The second area is unleashing competition. When you have competition, you are creating basically the ambition for providing more low-cost quality care. Without competition there’s no incentive around innovation.
The other piece is focusing on how we unleash innovation across the whole system. It starts with simple things like making sure once the FDA approves a device or medication, that we’re doing a good job of making sure that it is accessible to our patients.
We’re working on those issues. This is an area that I think isn’t very sexy, but it’s regulatory relief.
Murchison: With Medicaid and job requirements you’ve been a hot button. But I’ve watched you take what you did in Indiana and take a different approach at CMS to state reform and how you think about enabling waivers and enabling different relationships between the federal government and states. Can you talk a little bit about what that looks like?
Verma: Before I came to CMS I negotiated between states and CMS. What I learned going from state to state is that states are the laboratories of innovation coming up with great ideas. They know what’s going to work best in their health system. Every health care delivery system is a little bit different. The issues in Montana are very different than the issues in New York City or New York state. So you can’t have a one size fits all approach with states paying for these programs. In the Medicaid expansion population it’s only 10 percent but in a lot of the other areas of the program they’re paying sometimes up to half. Yet in terms of decision making, they really don’t have any control in the program. It’s a very ‘mother may I?’ system where they’re basically asking us to approve routine changes. It’s almost a cultural change.
We want to be able to say ‘we’re here to get you where you want to go’ as opposed to being a barrier to innovation.
In terms of work requirements, what I will say on that is we are responding to state requests. There are states saying ‘we want to help the people living in our state rise out of poverty and find a pathway out’. Anybody that’s worked in Medicaid knows that a lot of those individuals, they don’t want to be there. People don’t want to receive government assistance. They want to be independent. They need help and they need more than an insurance card. Having a job and having the dignity of work could have a very positive impact on health outcomes. So I think the whole notion of waivers is around experimentation, testing innovative ideas. We need to try to do things differently. We need to try to end poverty and try different techniques and to not allow innovation, I think, is a tremendous disservice to the people that we serve.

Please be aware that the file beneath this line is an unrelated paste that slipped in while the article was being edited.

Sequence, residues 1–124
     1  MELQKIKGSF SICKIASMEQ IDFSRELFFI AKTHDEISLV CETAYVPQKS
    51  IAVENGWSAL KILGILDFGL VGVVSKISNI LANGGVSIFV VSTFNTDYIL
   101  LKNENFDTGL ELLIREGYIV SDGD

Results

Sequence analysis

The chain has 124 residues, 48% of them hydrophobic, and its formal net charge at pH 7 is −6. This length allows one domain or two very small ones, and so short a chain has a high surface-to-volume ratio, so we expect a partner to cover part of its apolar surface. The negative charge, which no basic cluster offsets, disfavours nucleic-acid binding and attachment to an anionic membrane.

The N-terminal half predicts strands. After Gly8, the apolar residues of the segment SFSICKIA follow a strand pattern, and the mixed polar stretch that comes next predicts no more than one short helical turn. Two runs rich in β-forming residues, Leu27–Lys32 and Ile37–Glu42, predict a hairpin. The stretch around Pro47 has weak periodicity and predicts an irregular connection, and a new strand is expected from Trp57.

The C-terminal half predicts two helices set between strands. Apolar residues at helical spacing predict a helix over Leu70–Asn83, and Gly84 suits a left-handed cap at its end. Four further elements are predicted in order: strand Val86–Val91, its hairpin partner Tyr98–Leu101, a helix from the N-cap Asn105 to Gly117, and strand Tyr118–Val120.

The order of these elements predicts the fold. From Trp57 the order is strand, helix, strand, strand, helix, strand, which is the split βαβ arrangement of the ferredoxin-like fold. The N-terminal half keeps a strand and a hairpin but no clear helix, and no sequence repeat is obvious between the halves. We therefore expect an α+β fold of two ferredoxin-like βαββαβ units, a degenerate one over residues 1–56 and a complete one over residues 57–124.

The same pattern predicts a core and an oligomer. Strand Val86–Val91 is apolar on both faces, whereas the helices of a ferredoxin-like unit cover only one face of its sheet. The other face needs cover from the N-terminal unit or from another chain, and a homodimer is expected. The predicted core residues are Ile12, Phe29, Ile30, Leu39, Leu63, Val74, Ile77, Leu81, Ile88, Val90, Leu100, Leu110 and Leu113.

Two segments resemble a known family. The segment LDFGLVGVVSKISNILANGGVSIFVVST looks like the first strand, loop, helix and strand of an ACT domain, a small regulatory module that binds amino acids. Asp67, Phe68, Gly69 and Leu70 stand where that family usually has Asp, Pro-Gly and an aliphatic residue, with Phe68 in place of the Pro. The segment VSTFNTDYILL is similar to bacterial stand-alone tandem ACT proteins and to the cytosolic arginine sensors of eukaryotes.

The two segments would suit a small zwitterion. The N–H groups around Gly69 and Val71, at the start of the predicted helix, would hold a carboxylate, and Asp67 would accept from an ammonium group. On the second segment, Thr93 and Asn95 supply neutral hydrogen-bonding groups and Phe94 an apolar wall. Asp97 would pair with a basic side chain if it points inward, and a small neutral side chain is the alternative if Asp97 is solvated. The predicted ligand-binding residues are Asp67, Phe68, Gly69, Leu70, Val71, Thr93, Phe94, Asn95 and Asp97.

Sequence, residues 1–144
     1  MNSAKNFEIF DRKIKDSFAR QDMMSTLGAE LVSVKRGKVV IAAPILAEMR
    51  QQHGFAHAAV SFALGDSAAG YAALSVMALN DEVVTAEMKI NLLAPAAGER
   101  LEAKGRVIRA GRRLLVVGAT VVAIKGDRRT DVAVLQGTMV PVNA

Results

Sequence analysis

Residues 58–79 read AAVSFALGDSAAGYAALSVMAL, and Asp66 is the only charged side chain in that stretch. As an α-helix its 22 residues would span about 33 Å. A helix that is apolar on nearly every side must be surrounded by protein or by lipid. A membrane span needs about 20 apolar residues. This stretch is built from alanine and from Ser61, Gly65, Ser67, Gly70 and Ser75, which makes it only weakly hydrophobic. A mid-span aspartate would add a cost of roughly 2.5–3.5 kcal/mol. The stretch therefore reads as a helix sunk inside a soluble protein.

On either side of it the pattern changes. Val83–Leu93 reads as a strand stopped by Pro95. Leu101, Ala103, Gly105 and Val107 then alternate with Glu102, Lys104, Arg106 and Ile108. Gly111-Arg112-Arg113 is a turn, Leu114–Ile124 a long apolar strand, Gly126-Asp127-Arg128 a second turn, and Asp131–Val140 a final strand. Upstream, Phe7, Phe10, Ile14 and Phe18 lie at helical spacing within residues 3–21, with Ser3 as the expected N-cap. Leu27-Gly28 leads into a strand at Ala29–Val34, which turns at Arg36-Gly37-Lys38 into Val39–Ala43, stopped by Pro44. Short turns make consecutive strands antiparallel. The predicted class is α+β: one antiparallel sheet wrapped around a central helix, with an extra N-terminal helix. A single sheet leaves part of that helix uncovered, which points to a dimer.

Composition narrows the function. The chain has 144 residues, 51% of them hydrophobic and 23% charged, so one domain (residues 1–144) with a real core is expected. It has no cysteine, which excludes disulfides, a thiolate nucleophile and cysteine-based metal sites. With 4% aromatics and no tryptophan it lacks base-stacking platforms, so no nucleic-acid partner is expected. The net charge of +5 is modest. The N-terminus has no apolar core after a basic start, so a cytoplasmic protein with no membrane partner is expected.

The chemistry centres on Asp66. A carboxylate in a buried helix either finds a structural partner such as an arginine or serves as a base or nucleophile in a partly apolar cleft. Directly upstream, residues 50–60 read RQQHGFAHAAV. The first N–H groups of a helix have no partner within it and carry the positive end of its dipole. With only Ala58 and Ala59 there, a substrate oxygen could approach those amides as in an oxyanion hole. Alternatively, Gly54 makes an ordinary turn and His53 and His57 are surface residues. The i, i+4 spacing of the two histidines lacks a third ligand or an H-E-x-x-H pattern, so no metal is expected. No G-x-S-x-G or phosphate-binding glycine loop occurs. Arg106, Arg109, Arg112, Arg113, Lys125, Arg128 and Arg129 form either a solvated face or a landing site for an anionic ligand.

Murchinson: Can you share how you’re managing CMS, given Trump’s intention to eliminate the ACA?
Verma: First of all, it’s our job to implement the law so that’s what we’re doing. I think it’s really born out of concern that things aren’t working the way that they should. I agree that we have provided coverage to people that can’t afford coverage and that’s a good thing. But we also have tremendous problems where premiums have gone up by over 100 percent. And I can’t think of a single thing that I buy that has gone up over 100 percent. We’re seeing a lack of competition in markets where even the year before 50 percent of counties only had one choice of health care plan. We’re seeing millions of people that have left the exchanges that are not subsidized and can’t afford anything. So there are still many challenges that remain. What we’ve tried to do is figure out how can we stabilize the market. Unfortunately, without Congress’s help, there’s not a lot that we can do, but we’re trying to figure out what we can do to stabilize. This year for the first time rates were actually lower, there wasn’t a double digit rate increase and, in fact, we actually saw a decrease.
Check back on the Health Evolution website for parts 2 and 3 of our interview with Administrator Verma. The next Health Evolution Summit takes place April 1-3, 2020 in Laguna Niguel, California.